maintaining and securing infrastructure investments?

The aforementioned Chinese policies regarding the encouragement of FDI constitutes as an extraordinary example of the increased state involvement in private sector business affairs due to the government’s role as the largest private sector majority stakeholder within the domestic Chinese economy. Through the communist regime of the People’s Republic of China, the business sector consists of state-owned enterprises (SOEs), owned directly by the central government where executives are almost exclusively appointed through party ranks; non-state enterprises (NSOEs), owned by township or village governments; and urban, private or collective firms (Deng 2007:72). In 2003, only one of China’s top 500 enterprises was registered as privately owned (Zeng & Williamson 2003). In 2006, 82% of China’s total outward investment was facilitated by SOEs (Morack et al. 2008). This serves as sufficient evidence that the majority of outward private investment by Chinese firms corresponds to the domestic and foreign policy agendas of the Chinese government due to their increased participation in the leadership, financing and facilitation of such projects (Kolstad & Wiig 2009:6).

The potential for the Chinese government to influence the private sector investment agendas of Chinese firms plays a critical role in the case of the Nicaraguan Canal. Not surprisingly, two of the biggest components of the HKND Group are state-owned enterprises: the China Railway Construction Corporation (CRCC) and the Xugong Group Construction Machinery Company. The HKND Group, via comments made by CEO Wang Jing, publically denies any direct influence or partnership with the Chinese government (Der Spiegel 2014). However, there is an implied allegiance considering the degree to which the Chinese government is a stakeholder in various members involved in the project. This is particularly evident considering the diplomatic avenues established with Nicaragua during the negotiation.

Even though the Nicaraguan Canal will likely to operate a commercial “open door” policy similar to that of the Panama Canal, however, there is even more speculative evidence supporting the notion that the Nicaraguan Canal and its security network will be used as a geopolitical tool to bolster trade with China and its allies (Doerr 2015:83). The absence of international law regarding private investment projects will enable the HKND Group to potentially exploit and even deny access to different actors transiting the canal after its completion. Could the perceived allegiance between China and its private sector foster an extension of the state and its military through the construction, facilitation and security of private Chinese investment ventures in other regions around the world?

Securing Infrastructure:
The Nicaraguan Canal and the Rise of Private Security

As aforementioned, the increasing inability for public governments, especially within emerging economies, to finance and supply necessary security for infrastructure needs, has given rise to increased security provisions within contracts to private sector firms. Regarding the Nicaraguan Canal, the provision of security is another critical element of the canal project. The evolving geopolitical climate has led to increased partnerships between the public and private sector through infrastructure. The private partnership between the Chinese HKND Group and the Nicaraguan government through negotiations of a Nicaraguan Canal has provoked a global debate regarding the viability and practicality of such modern infrastructure projects within the international economy due to the emerging role of private, non-state actors in such projects, including that of security.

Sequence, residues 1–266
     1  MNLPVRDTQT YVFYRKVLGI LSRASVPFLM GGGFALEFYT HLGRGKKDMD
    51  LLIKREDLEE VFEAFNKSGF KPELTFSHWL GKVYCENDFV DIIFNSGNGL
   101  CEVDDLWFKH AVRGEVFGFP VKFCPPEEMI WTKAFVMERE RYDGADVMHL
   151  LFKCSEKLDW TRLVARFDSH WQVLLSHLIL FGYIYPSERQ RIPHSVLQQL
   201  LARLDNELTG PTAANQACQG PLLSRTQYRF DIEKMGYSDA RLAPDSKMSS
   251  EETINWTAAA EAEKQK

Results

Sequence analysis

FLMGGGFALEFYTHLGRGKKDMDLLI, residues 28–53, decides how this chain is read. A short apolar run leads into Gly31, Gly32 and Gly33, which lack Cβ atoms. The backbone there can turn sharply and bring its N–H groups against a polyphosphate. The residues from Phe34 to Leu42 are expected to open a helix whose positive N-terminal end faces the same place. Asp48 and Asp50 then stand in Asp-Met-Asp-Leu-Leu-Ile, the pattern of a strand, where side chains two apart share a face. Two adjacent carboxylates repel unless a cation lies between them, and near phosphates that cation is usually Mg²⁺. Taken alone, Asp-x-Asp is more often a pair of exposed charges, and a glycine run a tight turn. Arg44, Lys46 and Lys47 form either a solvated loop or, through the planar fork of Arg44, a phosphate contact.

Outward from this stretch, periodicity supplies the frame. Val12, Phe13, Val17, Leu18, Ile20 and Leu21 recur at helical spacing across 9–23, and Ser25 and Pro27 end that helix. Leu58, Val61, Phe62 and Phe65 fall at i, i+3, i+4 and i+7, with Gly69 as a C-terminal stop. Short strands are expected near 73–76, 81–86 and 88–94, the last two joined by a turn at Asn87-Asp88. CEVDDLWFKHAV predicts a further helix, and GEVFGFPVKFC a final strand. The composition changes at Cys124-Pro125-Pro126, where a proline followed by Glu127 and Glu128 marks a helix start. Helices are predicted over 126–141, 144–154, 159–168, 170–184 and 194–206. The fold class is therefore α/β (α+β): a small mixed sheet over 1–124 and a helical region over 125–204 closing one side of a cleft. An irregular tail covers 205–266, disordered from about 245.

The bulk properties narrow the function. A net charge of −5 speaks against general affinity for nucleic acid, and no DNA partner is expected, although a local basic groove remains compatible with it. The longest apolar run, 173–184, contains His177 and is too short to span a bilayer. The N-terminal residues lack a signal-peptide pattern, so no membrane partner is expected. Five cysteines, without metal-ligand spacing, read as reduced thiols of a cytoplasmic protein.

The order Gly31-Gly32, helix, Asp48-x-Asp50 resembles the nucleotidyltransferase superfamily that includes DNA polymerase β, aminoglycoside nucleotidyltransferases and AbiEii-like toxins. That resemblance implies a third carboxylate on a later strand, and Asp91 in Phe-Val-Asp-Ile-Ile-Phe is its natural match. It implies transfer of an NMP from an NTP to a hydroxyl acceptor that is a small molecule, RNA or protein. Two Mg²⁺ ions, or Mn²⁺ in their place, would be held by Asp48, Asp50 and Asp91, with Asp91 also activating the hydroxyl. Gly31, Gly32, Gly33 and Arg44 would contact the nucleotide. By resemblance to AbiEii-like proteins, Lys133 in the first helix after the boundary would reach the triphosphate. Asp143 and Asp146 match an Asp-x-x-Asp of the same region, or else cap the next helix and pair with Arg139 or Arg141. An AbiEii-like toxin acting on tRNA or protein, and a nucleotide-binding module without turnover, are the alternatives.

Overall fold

Due to the international utility of the canal, substantial measures to curb organized crime, criminal activity and terrorism are deeply embedded in the project plans. The limited Nicaraguan military and police capacity will be a major obstacle for the efficiency of the project and highlights the necessity of intelligence-sharing, or coordination with key international partners to establish and maintain the security of the canal (Huete-Pérez et al. 2015:3994). The Nicaraguan government has deployed its national police and military forces to protect and protect HKND personnel and canal assets during the construction stage of the project (Glüsing 2014). The HKND Group further outlined security measures in its initial proposal, citing its anticipation to employ guards and patrol services which would provide waterway security in the canal zone as well as patrol worker camps and maintenance facilities (HKND Group 2014:40,74). This outsourcing of maritime security is troubling, considering the magnitude of security that will be deployed at checkpoints along the canal.

The participation of the private sector in the construction and security of the Nicaraguan Canal project poses a direct challenge to the state influence over other major infrastructure investments and jurisdictional security.